ColumbiaMagazine.com
Printed from:

Welcome to Columbia Magazine  
 





























 
Kentucky Color: Hot Grasshopper

By Billy Joe Fudge

On a hot day I spied this grasshopper sitting, or maybe he was standing, in my driveway. I thought maybe he was just resting prior to his next flight on his way to luscious grass just beyond his present position. But then, in nearly the same motion and because of his lack of motion, I wondered if the hot asphalt, scorching sunlight and hot temperatures might have just boiled his cold blooded innards! At any rate, this grasshopper carried me on a trip into my ancient but not so distant past.

Similar to other Great Wooded South lads and an occasional lass during the `50's and `60's, I exploited the vast resource of grasshoppers to tempt lunker Bass, beautiful Bluegill and even an occasional Channel Catfish from any number of Sparks and Harveys Ridge farm ponds. Grasshoppers have been a catalyst to pleasing the palate and putting high quality protein on the table of many who might have only had cornmeal mush to eat for several days.


Some would strike out with only a fishing line rolled up in one's pocket with the hook hanging from the pocket's hem. Upon arrival at pond's edge, a green limb of sufficient strength and length would be instantly transformed into a fishing pole by attaching the line with hook to a notch carved into the pole's little end. Others would select a pole from the river cane stash leaning against the woodhouse or barn that had been harvested from a creek's edge for bean sticks. During the `60's those children from more affluent households might even have been seen traversing across fields toward a distant farm pond with a Zebco 202. Regardless of the type tackle, grasshoppers were the mid-Summer choice of bait for one and all. Especially when every board and rock had been flipped or rolled over in search of earthworms that had not migrated deep underground during hot and dry Summer days.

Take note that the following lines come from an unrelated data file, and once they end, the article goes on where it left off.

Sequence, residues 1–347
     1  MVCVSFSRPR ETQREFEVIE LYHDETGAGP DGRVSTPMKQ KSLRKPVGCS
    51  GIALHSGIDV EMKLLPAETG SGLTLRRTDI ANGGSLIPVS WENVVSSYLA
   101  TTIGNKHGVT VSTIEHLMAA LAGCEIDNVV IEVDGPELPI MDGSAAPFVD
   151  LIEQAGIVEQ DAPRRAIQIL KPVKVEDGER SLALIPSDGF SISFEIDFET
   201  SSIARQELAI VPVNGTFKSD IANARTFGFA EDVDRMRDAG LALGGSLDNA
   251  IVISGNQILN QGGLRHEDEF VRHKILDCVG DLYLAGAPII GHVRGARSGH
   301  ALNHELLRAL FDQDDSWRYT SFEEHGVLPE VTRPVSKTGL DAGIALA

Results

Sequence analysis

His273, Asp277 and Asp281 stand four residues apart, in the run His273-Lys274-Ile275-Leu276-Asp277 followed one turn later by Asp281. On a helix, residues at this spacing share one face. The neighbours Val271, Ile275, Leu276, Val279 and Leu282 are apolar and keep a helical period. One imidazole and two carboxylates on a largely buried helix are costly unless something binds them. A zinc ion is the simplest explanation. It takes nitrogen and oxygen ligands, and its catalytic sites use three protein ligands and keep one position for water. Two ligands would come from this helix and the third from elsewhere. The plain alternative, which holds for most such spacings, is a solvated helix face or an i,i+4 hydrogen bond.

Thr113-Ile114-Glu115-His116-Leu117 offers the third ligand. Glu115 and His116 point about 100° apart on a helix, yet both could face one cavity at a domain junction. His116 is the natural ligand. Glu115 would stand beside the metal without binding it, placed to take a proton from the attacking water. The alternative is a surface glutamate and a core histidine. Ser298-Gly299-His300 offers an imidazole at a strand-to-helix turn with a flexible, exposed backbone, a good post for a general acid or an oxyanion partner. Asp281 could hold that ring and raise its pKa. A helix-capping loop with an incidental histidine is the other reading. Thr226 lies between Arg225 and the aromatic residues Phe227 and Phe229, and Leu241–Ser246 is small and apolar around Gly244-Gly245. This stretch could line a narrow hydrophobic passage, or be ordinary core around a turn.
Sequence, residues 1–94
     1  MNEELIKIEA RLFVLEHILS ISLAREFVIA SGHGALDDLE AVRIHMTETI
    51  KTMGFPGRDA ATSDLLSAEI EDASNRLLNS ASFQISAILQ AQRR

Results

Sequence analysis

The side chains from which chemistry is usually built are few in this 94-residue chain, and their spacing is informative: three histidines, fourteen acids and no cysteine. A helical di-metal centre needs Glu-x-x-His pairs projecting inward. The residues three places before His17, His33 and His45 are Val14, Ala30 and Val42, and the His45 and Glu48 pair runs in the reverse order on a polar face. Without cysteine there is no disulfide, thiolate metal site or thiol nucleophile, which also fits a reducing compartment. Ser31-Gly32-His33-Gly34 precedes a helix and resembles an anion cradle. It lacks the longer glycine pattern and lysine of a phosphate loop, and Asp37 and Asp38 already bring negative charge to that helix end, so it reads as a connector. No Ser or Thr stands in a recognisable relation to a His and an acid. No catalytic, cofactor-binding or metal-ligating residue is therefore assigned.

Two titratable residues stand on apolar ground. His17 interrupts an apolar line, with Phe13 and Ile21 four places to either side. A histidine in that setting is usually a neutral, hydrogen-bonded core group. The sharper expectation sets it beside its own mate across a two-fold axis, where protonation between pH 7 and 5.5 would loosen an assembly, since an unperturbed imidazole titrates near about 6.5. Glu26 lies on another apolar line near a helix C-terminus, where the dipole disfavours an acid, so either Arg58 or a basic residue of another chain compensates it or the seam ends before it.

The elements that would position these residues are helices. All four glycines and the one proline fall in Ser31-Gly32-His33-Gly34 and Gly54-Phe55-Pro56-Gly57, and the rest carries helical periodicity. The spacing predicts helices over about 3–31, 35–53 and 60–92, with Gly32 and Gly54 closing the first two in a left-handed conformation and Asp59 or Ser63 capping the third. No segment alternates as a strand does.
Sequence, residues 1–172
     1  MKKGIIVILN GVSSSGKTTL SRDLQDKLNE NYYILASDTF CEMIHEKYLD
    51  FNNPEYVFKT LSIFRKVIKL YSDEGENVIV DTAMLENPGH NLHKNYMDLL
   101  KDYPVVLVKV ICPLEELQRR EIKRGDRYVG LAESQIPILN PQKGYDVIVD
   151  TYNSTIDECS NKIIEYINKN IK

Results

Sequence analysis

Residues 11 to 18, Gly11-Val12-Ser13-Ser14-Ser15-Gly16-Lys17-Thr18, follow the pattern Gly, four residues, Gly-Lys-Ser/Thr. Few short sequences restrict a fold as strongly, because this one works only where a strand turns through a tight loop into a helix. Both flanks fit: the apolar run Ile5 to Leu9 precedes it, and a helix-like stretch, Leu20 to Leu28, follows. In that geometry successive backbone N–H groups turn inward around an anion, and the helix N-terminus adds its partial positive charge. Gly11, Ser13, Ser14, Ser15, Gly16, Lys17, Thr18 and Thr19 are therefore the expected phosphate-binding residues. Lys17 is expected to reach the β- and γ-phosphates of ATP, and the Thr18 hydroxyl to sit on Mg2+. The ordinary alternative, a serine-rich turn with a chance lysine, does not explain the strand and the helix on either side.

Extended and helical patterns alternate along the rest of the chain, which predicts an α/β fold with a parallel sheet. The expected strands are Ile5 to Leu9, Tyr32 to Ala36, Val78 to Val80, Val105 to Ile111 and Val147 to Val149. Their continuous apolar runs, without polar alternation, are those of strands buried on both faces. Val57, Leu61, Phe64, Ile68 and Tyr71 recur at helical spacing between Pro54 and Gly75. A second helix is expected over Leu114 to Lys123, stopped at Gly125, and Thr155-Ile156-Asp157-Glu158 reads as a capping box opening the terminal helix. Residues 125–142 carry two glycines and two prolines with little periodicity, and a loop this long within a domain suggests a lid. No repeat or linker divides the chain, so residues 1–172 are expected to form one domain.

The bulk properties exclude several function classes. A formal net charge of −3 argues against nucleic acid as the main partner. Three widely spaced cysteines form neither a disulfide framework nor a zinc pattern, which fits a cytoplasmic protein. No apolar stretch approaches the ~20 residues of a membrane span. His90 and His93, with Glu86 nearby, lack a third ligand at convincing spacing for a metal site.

Oh and yes, "those were the days my friend, we thought they'd never end..." and for some of us they have not!

Happy Labor Day Weekend, ya'll!


This story was posted on 2021-09-04 15:39:08
Printable: this page is now automatically formatted for printing.
Have comments or corrections for this story? Use our contact form and let us know.



Kentucky Color: Hot Grasshopper



2021-09-04 - Adair Co., KY - Photo by Billy Joe Fudge.
On a hot day I spied this grasshopper sitting, or maybe he was standing, in my driveway. I thought maybe he was just resting prior to his next flight on his way to luscious grass just beyond his present position. But then, in nearly the same motion and because of his lack of motion, I wondered if the hot asphalt, scorching sunlight and hot temperatures might have just boiled his cold blooded innards! At any rate, this grasshopper carried me on a trip into my ancient but not so distant past.

Read More... | Comments? | Click here to share, print, or bookmark this photo.



 




























 
 
Quick Links to Popular Features


Looking for a story or picture?
Try our Photo Archive or our Stories Archive for all the information that's appeared on ColumbiaMagazine.com.

 

Contact us: Columbia Magazine and columbiamagazine.com are published by D'Zine, Ltd., PO Box 906, Columbia, KY 42728.
Phone: 270.403.0017


Please use our contact page, or send questions about technical issues with this site to webmaster@columbiamagazine.com. All logos and trademarks used on this site are property of their respective owners. All comments remain the property and responsibility of their posters, all articles and photos remain the property of their creators, and all the rest is copyright 1995-Present by Columbia! Magazine and D'Zine, Ltd. Privacy policy: use of this site requires no sharing of information. Voluntarily shared information may be published and made available to the public on this site and/or stored electronically. Anonymous submissions will be subject to additional verification. Cookies are not required to use our site. However, if you have cookies enabled in your web browser, some of our advertisers may use cookies for interest-based advertising across multiple domains. For more information about third-party advertising, visit the NAI web privacy site.